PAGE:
The Senate on Tuesday voted to confirm Christopher Wray as the next FBI director, filling a critical post that has remained vacant since President Donald Trump fired James Comey in May.
The vote was 92-5.
Trump’s firing of Comey immediately led to accusations that he was trying to impede the bureau’s Russia investigation and ultimately led to the appointment of special counsel Robert Mueller. Comey later testified that Trump asked him for a “loyalty” oath and to drop a probe of former national security adviser Michael Flynn’s contacts with Russian officials.
Wray, a former senior Justice Department official known for his low-key demeanor, told lawmakers during his confirmation hearing that he would never pledge loyalty to the president and that if Trump ever pressured him to drop an investigation, he would push back or resign. This pledge appeared to gain him the confidence of Senate Judiciary Committee lawmakers, who unanimously approved his nomination and urged their colleagues to vote in favor of his confirmation.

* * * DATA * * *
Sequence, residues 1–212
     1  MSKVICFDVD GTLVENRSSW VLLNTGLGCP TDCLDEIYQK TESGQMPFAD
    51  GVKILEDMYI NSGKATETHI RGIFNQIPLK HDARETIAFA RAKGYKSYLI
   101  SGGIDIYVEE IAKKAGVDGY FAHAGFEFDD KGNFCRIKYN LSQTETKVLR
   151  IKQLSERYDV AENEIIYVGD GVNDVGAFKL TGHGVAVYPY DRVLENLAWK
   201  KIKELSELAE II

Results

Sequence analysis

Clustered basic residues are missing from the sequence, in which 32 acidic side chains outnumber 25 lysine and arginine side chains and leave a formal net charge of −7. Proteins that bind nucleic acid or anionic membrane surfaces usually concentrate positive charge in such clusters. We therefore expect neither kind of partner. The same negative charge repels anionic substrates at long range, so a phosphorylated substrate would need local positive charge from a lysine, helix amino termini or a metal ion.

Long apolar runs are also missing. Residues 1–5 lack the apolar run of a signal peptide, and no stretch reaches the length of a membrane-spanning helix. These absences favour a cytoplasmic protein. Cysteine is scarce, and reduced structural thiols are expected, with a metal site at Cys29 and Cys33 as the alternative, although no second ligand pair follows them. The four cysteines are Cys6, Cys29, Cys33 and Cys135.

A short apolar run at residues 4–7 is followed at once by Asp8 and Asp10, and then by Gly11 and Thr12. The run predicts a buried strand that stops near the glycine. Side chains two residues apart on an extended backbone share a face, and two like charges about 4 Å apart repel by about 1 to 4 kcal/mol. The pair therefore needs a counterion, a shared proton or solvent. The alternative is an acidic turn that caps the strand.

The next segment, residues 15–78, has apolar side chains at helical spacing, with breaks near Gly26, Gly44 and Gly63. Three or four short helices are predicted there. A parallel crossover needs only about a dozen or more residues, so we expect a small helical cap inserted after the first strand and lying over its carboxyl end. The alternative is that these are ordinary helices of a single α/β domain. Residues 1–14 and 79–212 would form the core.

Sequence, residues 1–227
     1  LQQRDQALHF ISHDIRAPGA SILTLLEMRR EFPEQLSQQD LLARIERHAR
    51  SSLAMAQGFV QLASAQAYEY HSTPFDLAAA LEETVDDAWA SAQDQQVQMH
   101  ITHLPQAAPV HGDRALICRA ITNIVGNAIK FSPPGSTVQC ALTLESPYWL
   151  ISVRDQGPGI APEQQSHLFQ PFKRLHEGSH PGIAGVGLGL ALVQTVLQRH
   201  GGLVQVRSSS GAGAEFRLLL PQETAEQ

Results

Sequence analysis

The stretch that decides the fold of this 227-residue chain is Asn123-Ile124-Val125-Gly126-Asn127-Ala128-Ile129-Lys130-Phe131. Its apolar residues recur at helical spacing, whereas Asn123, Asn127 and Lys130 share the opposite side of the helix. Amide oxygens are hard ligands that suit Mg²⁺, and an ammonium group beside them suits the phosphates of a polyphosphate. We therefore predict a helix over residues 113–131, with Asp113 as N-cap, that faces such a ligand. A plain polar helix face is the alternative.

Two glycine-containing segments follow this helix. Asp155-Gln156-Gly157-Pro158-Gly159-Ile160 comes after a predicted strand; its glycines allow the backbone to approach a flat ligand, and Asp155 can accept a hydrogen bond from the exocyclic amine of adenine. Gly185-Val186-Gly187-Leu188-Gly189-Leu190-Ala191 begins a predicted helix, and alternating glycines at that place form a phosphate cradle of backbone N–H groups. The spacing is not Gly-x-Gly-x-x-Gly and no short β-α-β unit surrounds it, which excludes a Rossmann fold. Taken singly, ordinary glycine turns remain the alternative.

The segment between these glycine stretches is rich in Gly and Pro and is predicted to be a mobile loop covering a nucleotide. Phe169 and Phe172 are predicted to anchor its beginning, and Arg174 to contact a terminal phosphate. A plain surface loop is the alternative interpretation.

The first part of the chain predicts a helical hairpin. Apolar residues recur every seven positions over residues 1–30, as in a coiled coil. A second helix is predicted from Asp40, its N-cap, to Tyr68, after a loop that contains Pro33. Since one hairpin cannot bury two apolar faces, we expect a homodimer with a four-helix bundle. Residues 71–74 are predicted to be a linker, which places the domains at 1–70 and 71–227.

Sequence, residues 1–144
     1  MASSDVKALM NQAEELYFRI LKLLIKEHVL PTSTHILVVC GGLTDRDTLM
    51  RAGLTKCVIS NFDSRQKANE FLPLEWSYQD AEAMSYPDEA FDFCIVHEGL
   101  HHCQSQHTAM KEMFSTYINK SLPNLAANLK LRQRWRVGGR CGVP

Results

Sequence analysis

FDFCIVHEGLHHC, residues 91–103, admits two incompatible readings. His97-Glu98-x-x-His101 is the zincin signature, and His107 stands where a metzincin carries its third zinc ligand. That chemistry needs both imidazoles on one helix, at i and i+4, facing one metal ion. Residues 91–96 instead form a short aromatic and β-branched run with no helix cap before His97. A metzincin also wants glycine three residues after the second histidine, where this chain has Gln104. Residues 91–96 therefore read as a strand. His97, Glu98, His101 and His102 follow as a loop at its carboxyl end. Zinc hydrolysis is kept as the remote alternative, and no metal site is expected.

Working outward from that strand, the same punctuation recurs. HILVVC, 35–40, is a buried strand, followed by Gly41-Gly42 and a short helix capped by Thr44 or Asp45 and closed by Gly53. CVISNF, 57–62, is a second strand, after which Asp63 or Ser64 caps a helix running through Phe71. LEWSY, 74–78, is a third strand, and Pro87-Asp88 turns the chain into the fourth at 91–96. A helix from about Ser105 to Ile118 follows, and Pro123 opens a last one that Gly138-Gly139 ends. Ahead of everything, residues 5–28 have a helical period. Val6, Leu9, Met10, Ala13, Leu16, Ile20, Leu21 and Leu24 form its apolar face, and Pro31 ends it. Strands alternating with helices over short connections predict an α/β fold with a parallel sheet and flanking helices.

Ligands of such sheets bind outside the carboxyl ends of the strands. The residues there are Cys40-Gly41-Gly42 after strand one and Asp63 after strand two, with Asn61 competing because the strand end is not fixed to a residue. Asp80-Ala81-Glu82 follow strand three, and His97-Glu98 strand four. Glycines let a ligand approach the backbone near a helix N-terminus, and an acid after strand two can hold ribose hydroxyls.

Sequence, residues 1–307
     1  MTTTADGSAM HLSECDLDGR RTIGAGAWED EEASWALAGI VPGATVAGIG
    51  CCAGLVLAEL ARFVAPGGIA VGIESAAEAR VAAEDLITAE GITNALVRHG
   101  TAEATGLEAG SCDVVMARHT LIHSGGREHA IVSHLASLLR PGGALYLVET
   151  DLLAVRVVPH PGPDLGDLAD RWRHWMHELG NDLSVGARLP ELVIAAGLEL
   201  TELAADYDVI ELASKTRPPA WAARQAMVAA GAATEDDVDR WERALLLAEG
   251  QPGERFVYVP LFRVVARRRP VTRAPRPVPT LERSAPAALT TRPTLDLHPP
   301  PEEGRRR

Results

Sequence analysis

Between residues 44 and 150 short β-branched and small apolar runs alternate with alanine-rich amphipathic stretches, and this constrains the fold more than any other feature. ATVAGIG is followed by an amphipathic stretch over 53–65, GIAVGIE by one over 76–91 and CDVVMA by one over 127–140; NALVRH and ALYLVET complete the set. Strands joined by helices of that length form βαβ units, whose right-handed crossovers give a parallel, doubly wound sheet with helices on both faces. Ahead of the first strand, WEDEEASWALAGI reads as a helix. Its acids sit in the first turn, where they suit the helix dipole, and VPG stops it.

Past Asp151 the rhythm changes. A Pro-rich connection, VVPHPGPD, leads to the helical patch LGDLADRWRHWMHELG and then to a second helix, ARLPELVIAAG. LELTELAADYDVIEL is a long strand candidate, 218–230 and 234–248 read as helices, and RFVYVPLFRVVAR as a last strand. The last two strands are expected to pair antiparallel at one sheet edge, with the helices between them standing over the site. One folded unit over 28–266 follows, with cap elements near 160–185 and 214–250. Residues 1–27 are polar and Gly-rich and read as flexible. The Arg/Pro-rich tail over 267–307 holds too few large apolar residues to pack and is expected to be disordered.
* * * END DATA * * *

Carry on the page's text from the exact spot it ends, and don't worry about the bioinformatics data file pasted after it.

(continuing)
“He told the committee that he won’t condone tampering with investigations, and that he would resign rather than be unduly influenced in any manner. Mr. Wray’s record of service, and his reputation, give us no reason to doubt him,” committee chairman Charles Grassley, R-Iowa, said Tuesday. “He made no loyalty pledges then, and I expect him never to make such a pledge moving forward.”
(c) 2017, The Washington Post · Karoun Demirjian